I started this game the same as the Arsenal game, with a cautious mentality. However, after the first 40 seconds, I noticed this in the screenshot above. We had just attacked and lost the ball, and immediately Real Madrid ran at us. The pace on this side is scary compared to what we have in our team. So as soon as I saw the above, I dropped to defensive duty. I wasn’t shutting up shop, but I wanted to stay more compact and not get the midfield cut off from the defensive.

That can be problematic. Not just from a defensive standpoint, but also for when we regain possession and attack. We saw how I was creating chances in the Arsenal game by having players close together deep. In this game, I felt we were a bit disjointed. You’d not find this stuff out if you weren’t watching the game, though, and just relying on highlights.

Highlights are fine if you are happy with your tactic and how it plays. But this is a huge game for us, a Champions League semi-final second leg that we are currently winning. I don’t want to lose what could be a pivotal moment for the club and Iceland as a whole. So I was prepared to go the extra mile.

Just a side note here, I’d not gone to these lengths in any other game or paid this much attention. This is purely a one-off.

Straight away in the next attack, I see the change to defensive mentality as taken effect by how super deep we are now inside our own area. The four circled players are the back four. The right wingback has stayed wide on this occasion because the other three midfielders are either applying pressure or tracking runners. The other three defensive players are all positioned centrally. 

While they might seem really deep, they have all the space covered and all the runners covered too. Leaving them free to attack any crosses into the box. It looks bad that we are so deep, but based on player positioning and the attack patterns of Real Madrid, we should be able to defend like this well. I don’t see how they can hurt us in these kinds of areas.

It’s not all bad and not just us camped in our half getting battered, though. We can also be proactive when winning the ball back. In the image above, the player closing down Dodo forces him to pass. Dodo attempts to pass the ball to the player next to the circled one. Dodo doesn’t have any options here as he was forced outside and he’s facing away from the goal. So when he attempts to pass the ball, my player who (circled) cuts out the pass.

This is still the same, just from a different camera angle. Once we win possession back, the team bursts into life because a proper counterattack is triggered. And we go from the edge of our area to almost scoring in a matter of a few seconds. Frederiksen passes the ball to the striker. While this is happening, the mezzala has spun around and busted a gut to get forward.

Just look at how much space the mezzala has made up in a few short seconds. He is now spearheading the attack. Others in the team are also trying to sprint to keep up with play and offer support in this counterattack. The mezzala gets on the end of the ball and has a shot from just outside the area. The keeper makes a brilliant save and we win a corner. As you can see, when a counterattack kicks in, we have suddenly become very dangerous.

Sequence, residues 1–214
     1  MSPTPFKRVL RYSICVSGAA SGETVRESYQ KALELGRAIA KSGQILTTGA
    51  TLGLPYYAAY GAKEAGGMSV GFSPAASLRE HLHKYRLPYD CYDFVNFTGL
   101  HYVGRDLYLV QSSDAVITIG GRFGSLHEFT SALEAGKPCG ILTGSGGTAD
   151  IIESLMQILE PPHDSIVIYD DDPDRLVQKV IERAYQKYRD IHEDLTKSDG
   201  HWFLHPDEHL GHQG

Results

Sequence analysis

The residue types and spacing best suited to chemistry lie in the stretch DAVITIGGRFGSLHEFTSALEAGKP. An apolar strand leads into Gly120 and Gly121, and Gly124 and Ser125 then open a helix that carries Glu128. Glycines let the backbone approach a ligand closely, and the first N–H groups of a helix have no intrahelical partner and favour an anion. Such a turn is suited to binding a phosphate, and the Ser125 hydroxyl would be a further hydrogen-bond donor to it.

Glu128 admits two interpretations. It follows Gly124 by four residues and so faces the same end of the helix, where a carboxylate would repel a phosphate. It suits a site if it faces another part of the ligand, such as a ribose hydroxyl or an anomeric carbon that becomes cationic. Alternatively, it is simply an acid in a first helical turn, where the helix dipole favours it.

Again, another attack, this time down my right-hand side. The defensive line is still deep and intact. There is no real threat in the centre from Real Madrid either.

A little later, in the same move, Sane decides to run at us. Our players are again really well placed and the only real option here for Sane is to carry on his run. Everyone else who is a realistic option for him to link up with is already being marked. In the end, he tries to make the pass and fails, as my player steps up to take the ball away.

We absorbed the pressure greatly and while it looks like we got battered, we didn’t in the end. We frustrated Real Madrid and limited them to half-chances in the end or chances from range. The chances from the range were never really going to bother us though.

It’s important to note that using a low-block tactic can be risky, as it leaves your team vulnerable to counter-attacks and longballs over the top. Therefore, it’s best to use this type of tactic against teams that are stronger offensively, or in situations where you are protecting a lead or looking to defend from the opposition’s attacks.

I might add more examples of games, playing against different systems, and show how it plays against sides who don’t sit deep against us. But the article has already become quite large, so depending on what people think and the feedback, there might be a part two. 

Remember that playing counterattacking, defensive or low-block football is extremely difficult and not supposed to be easy. It requires you to pay a lot of attention to detail, especially in the early stages of its creation. You really need to nail down how you play and what you do with the ball. It can be a really frustrating process at times, but it’s so rewarding once you’ve hit that sweet spot. I hope you’ve all enjoyed it.